OPINIONS What Trump's letter to Kim says about US' chaotic DPRK strategy


What Trump's letter to Kim says about US' chaotic DPRK strategy


06:37, May 26, 2018


(Photo: CGTN)

The highly anticipated summit between the US and DPRK on June 12 has been cancelled, and the Korean Peninsula has once again become uncertain.

"I was very much looking forward to being there with you. Sadly, based on the tremendous anger and open hostility displayed in your most recent statement, I feel it is inappropriate, at this time, to have this long-planned meeting," Trump wrote to Kim. "Therefore, please let this letter serve to represent that the Singapore summit, for the good of both parties, but to the detriment of the world, will not take place." 

Donald Trump gave up negotiations with the DPRK when he realized the complexity of the whole process. In the letter, he has threatened the DPRK with harder policies but also appealed for a second chance. 


US Secretary of State Mike Pompeo appears before the US Senate Committee on Foreign Relations to "Review the FY 2019 State Department budget request" on Capitol Hill in Washington, DC, May 24, 2018. Prior to delivering his prepared remarks, Pompeo read a letter from US President Donald Trump to DPRK leader Kim Jong Un cancelling their planned summit in Singapore on June 12, 2018. (Photo: VCG)

The cancellation of the summit revealed the strategic incoherence and chaotic, ill-informed process of President Trump and his team. In March, Trump accepted the US-DPRK summit without full discussions with his team. 

Since then, US administrations at all levels have apparently failed to make adequate preparations, resulting in a loss of clear understanding on the denuclearization of the Korean Peninsula and details of various specific technologies. 

On Monday, Vice President Pence suggested that Mr. Kim would be overthrown like Libyan strongman Moammar Gadhafi if he doesn't make a deal on US terms. "This will only end like the Libyan model ended if Kim Jong Un doesn't make a deal." 

On Wednesday, the Secretary of State Pompeo said the US hadn’t made any concessions to persuade Kim to come to the negotiating table and did not intend to make any concessions in the future. But at same time, President Trump said he would not seek the Libya Model and will guarantee the DPRK security if the DPRK agrees to denuclearize themselves.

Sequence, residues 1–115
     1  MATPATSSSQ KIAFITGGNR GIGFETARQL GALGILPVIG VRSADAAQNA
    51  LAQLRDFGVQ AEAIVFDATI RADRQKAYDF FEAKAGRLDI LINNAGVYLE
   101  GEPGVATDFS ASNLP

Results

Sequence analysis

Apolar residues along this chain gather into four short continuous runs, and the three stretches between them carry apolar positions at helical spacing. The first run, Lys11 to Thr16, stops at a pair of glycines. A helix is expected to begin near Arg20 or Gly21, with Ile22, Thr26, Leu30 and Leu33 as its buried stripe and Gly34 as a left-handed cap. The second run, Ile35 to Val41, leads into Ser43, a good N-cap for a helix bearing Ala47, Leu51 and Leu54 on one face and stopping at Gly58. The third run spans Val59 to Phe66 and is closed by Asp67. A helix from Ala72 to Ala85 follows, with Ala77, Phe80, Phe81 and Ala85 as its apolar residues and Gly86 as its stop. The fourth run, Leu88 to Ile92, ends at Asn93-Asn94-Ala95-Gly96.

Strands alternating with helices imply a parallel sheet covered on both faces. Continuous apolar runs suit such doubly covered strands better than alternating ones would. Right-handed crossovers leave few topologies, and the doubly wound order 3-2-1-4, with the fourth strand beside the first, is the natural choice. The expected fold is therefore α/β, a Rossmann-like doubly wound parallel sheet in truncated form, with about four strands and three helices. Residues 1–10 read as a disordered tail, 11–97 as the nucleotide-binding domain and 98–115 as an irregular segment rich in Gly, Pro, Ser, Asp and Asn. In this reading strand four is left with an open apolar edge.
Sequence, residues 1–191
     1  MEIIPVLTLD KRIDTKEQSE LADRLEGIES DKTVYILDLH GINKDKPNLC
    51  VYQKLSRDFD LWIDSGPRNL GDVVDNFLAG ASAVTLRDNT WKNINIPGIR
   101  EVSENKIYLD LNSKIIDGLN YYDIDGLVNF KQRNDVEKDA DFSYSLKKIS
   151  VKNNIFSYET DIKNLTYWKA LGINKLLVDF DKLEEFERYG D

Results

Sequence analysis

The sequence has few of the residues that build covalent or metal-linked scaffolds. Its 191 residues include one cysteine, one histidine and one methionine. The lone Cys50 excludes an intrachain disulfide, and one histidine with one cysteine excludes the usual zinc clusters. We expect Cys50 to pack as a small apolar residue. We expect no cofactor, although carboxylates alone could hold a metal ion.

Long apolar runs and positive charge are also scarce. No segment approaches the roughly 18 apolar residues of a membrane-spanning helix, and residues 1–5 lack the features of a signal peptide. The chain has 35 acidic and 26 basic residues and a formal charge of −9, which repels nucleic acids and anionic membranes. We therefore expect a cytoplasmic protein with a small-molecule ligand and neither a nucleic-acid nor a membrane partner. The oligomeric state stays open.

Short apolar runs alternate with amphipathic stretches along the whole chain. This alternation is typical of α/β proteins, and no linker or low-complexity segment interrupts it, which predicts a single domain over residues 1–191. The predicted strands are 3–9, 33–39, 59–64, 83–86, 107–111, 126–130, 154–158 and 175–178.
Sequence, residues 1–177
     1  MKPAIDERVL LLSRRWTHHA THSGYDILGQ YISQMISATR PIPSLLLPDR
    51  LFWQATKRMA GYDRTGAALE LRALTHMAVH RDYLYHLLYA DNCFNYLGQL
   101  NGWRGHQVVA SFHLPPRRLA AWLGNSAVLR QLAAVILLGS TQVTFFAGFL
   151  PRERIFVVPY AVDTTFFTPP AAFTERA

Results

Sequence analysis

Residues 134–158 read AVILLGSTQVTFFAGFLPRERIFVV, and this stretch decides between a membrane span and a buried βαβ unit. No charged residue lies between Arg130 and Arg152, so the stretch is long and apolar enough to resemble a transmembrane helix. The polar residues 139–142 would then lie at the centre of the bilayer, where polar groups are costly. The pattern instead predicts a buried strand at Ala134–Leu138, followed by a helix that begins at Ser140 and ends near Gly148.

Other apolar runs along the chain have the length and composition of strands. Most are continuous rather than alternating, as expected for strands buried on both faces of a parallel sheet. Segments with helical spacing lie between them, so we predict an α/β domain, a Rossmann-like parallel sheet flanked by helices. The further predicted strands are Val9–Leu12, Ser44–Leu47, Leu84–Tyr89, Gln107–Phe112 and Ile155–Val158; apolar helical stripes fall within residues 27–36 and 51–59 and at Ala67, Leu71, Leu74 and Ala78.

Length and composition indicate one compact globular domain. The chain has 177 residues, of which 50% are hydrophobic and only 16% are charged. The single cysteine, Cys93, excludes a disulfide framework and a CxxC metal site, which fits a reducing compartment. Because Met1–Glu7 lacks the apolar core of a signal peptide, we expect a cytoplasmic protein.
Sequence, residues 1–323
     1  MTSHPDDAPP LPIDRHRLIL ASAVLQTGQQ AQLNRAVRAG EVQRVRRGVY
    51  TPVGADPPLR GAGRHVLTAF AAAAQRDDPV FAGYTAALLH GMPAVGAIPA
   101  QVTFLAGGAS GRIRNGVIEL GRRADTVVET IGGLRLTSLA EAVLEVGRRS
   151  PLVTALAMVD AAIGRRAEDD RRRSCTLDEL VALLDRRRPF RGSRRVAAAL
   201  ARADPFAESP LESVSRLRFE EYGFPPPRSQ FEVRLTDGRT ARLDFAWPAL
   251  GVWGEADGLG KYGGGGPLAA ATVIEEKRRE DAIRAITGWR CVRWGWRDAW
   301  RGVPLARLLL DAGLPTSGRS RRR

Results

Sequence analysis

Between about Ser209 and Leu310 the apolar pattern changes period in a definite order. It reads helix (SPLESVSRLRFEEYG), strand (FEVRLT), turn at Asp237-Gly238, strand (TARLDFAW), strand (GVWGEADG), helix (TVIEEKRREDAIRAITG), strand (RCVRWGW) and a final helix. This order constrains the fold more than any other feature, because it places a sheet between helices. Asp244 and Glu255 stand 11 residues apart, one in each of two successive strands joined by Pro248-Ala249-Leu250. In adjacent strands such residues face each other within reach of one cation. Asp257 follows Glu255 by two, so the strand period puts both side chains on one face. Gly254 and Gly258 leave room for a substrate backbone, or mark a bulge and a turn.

The lack of coordination between such decision-makers has caused the DPRK to have suspicions about the summit and the actual intentions of the US. 

Also President Trump's cancellation of the summit has brought into question whether the US and the DPRK shared the same understanding of "denuclearization." The Trump administration envisioned a rapid process, which is called PVID and perhaps takes less than a year. The sanction relief would come only at the end. Kim Jong Un, however, emphasized a process of stage by stage in which sanction relief would come earlier. Since China, the DPRK and the ROK all supported a gradual process of confidence-building measures and Trump stood alone in calling for the immediate denuclearization of the DPRK, it was unlikely to be accepted by the DPRK. 


US Secretary of State Mike Pompeo pulls out a copy of President Donald Trump's letter to DPRK leader Kim Jong Un before Pompeo testifies to the Senate Foreign Relations Committee in the Dirksen Senate Office Building on Capitol Hill on May 24, 2018 in Washington, DC. (Photo: VCG)

Moreover, it is worth emphasizing that Trump’s announcement of withdrawing from the Iranian nuclear agreement has seriously damaged the American international reputation and pushed the DPRK to believe that Trump is not worthy of trust. Any agreement that the US and the DPRK reached could become wastepaper. Therefore, the deeply ingrained mistrust of the United States and the DPRK made it impossible for the United States and the DPRK to make positive interactions and implement any agreement they may reach. 

With the Trump administration canceling the summit in Singapore, the Korean Peninsula is falling into a new round of uncertainties. A series of diplomacy around the Korean Peninsula will once again warm up. The coordinative role of third parties is indispensable, and China is undoubtedly a crucial country to play this role. 

With China’s influence in the Korean Peninsula, China has the ability to influence both the United States and the DPRK so that the two countries can finally sit down and engage in dialogue. 

Although the cancellation of the Singapore summit is a lost chance, it has also opened another window of opportunity. If all parties, especially the United States, can fully plan and act by flexibility, pragmatism and compromise, a peaceful and denuclearized peninsula will emerge.

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